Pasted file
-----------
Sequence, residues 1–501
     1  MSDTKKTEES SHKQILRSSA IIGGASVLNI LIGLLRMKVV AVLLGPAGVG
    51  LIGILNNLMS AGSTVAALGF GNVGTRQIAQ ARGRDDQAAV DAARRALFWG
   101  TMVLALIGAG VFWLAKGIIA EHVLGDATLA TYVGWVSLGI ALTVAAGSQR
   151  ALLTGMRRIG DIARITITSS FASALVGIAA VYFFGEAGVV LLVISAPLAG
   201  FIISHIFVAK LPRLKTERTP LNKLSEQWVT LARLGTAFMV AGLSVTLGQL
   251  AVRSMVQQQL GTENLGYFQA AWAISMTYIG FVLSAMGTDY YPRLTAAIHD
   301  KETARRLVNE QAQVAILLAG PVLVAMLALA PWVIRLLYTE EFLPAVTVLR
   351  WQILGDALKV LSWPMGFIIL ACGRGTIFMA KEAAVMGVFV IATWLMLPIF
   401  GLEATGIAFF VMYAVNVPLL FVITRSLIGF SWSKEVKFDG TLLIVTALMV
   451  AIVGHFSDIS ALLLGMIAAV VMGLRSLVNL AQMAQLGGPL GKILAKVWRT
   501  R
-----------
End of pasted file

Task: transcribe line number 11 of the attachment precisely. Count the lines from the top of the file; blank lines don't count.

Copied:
   451  AIVGHFSDIS ALLLGMIAAV VMGLRSLVNL AQMAQLGGPL GKILAKVWRT